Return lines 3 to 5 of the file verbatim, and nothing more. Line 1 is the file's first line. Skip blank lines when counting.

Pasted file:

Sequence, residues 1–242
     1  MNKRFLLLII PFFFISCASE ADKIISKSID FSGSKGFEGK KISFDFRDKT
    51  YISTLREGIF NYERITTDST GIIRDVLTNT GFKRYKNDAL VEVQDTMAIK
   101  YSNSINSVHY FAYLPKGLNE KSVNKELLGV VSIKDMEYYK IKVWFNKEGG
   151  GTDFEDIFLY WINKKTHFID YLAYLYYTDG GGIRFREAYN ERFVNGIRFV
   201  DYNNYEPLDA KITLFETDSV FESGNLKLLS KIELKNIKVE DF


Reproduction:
    51  YISTLREGIF NYERITTDST GIIRDVLTNT GFKRYKNDAL VEVQDTMAIK
   101  YSNSINSVHY FAYLPKGLNE KSVNKELLGV VSIKDMEYYK IKVWFNKEGG
   151  GTDFEDIFLY WINKKTHFID YLAYLYYTDG GGIRFREAYN ERFVNGIRFV